• What is “A Day Without Immigrants”?

    by  • March 13, 2017 • Local • 0 Comments

    Following up with the recent arresting of about 650 people in raids across the United States, according to the NPR news, many immigrants were upset and ready to take action. On Thursday February 16 2017, the event “A Day Without Immigrants” took place throughout the country as many immigrants closed their shops and stayed at home in hopes of making their presence known and realized. According to the New York Times, the idea was initially spread through social media to the immigrant communities across America. Many took on the idea and decided to stay home to show their support for the group of people that they represent.

    For every action, there is an explanation behind it and for these teenagers who stayed home with their parents, it is not an exception. Vanessa Perez said that “[she] stayed home because [she] wanted to be a part of the voice of the community.” By joining the protest of the immigrants, she hoped to change the way society looks at immigrants and help them realize  and she is not the only one.

    Group of immigrants marching during a protest. Photo from Wikimedia Commons.

    For Milton Hernandez, A Day Without Immigrants is his way “to prove to people the important role that the immigrants play” in the community and “show the country the benefits” that come from accepting the immigrants into the society. What is the reason behind their action that is to stay home with other immigrants out there? Every action has an explanation. Hernandez’s inspiration to fight for the immigrants comes from his hope “to help both illegal and legal immigrants” in America. “[The community] is missing out without the presence of immigrants” explained Hernandez.

    For Perez, however, it deprives from her parents and her beliefs that immigrants are being misunderstood and put aside by people from America’s society. She is upset that people think of immigrants as lazy and having it easy because from her parents’ experience, it is the complete opposite. “My mother came here when she was 14... and did not have an opportunity at an education,” said Perez “She started from the bottom [and] work[ed] hard to get somewhere in life.”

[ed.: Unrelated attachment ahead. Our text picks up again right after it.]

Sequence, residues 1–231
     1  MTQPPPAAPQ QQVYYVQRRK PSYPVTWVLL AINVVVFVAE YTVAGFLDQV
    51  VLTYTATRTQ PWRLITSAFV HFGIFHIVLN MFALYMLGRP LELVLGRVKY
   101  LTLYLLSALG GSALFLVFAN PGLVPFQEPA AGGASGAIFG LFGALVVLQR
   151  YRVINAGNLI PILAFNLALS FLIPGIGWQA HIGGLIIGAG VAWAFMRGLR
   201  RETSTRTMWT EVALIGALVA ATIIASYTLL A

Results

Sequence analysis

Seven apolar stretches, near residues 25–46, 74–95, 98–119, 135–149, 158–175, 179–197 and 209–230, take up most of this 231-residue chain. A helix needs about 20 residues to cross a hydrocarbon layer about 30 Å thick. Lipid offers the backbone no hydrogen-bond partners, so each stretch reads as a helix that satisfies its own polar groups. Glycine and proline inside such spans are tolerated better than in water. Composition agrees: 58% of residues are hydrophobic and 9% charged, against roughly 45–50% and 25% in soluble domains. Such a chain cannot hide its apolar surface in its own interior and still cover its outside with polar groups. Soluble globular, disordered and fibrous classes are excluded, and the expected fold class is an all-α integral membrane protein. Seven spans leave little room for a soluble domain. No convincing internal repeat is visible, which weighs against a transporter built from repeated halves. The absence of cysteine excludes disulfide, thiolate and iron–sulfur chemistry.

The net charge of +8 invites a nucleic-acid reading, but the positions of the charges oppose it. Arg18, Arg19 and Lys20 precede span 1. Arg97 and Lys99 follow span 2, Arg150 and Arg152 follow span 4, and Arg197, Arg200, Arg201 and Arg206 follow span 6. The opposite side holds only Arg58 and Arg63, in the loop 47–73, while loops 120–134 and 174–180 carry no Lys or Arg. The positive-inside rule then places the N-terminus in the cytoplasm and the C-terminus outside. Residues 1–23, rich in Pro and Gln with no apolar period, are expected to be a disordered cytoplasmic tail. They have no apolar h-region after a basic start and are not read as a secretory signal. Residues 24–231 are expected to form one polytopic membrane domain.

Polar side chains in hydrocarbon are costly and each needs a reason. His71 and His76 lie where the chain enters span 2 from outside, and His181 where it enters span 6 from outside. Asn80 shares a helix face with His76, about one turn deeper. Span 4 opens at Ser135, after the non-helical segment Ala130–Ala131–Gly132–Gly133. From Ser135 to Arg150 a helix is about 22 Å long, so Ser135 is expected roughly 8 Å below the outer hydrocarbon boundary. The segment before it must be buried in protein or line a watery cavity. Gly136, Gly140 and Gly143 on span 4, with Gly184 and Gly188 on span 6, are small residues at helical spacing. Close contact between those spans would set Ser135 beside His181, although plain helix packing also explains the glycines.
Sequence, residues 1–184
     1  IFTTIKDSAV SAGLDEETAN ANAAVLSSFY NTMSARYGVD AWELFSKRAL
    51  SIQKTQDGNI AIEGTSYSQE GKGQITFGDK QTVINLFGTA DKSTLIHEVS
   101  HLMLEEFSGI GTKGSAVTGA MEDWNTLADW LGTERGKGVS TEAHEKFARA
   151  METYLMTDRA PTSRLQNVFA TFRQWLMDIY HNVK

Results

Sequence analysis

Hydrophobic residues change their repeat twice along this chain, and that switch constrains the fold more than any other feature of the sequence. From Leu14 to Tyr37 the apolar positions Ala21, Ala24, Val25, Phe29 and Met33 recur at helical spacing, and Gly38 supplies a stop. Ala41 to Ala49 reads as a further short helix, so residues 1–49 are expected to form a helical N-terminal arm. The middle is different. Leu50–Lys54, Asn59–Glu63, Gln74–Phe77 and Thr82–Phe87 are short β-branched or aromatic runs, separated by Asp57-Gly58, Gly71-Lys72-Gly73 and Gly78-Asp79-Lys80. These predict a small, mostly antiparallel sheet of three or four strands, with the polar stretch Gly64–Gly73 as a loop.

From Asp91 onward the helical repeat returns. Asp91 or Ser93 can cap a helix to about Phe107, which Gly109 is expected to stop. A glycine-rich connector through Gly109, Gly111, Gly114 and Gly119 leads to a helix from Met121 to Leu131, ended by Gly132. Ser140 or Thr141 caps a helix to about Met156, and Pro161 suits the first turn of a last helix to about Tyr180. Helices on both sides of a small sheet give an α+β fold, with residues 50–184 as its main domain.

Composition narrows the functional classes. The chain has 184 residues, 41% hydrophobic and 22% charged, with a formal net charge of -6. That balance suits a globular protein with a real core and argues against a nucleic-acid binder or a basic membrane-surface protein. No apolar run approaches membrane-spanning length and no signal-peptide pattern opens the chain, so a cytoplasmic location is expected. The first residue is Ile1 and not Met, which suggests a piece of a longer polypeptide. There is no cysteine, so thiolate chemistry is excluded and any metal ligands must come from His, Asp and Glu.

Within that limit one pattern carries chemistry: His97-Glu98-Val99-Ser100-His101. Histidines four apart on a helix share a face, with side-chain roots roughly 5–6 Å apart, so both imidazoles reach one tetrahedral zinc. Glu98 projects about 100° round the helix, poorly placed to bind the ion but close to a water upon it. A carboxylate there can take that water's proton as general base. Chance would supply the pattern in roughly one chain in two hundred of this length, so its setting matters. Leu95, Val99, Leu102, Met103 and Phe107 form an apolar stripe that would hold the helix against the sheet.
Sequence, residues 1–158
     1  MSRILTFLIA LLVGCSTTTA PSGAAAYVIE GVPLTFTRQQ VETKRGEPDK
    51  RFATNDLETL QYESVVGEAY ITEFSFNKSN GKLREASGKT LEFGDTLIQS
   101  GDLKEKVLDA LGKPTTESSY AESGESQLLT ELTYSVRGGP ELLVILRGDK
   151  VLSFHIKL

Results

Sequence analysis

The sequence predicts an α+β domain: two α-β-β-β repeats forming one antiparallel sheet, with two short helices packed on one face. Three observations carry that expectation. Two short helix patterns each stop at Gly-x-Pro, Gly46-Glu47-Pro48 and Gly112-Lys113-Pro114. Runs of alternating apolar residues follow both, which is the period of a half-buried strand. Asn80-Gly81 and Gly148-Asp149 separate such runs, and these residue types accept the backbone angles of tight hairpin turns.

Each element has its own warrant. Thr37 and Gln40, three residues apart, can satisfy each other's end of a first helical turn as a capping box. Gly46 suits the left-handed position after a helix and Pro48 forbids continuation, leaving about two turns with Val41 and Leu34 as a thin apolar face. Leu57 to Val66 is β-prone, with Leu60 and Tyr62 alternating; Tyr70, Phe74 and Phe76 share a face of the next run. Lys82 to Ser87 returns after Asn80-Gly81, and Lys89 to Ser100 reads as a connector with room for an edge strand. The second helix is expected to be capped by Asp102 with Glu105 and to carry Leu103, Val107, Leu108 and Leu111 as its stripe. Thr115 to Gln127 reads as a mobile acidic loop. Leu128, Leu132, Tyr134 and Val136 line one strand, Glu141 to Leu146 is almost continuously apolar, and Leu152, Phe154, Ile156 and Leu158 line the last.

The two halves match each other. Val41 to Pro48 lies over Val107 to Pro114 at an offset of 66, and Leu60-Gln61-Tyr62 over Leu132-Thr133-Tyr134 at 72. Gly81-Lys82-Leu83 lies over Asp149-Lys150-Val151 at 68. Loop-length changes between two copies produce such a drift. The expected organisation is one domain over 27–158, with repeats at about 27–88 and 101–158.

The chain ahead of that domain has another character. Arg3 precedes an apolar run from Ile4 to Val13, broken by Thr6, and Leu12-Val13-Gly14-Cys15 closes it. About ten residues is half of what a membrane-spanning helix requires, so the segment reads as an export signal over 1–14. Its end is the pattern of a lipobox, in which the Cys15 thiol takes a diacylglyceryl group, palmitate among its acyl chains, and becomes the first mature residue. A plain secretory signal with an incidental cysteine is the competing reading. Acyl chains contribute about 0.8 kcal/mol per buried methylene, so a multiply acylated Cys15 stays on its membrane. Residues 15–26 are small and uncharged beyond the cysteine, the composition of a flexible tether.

Now, she is the leader of a medical group that is in charge of taking kids with disabilities. Her point is that just like others, immigrants face many obstacles and they work hard for the place that they stand right now. For her mom, she had to go on a life without a chance for education and to Perez, it is just unfair and injustice. In addition to her mother’s hardship, Perez was inspired to speak up because of the stereotype that immigrants took the job away from American-born citizens.

    “The immigrants pick up jobs many would not do,” said Perez. “Who  can say that we are stealing jobs when such careers are not wanted in the first place?”


    Freshman Man Nguyen is excited to join the Blue and Gold staff as a reporter this year. Nguyen has always had great interest in writing and looks forward to exploring the social aspect of journalism. Nguyen has previous experience in journalism from his time in Vietnam where he attended an elementary school that had a newspaper club. Due to him being in Vietnam, he mainly reported in the Vietnamese language, but occasionally wrote articles and short stories in English. He was a part of this newspaper cub for about 5 months in the fifth grade. He also takes time to relive his mind through personal journaling. Green, purple, and blue are his three favorite colors. In his free time, he enjoys watching Pretty Little Liars and Teen Wolf. Currently, his favorite novel is Before I Fall by Lauren Oliver due to the plot being centralized on friendship. He also greatly appreciates a good slice of pizza, mainly buffalo chicken pizza.

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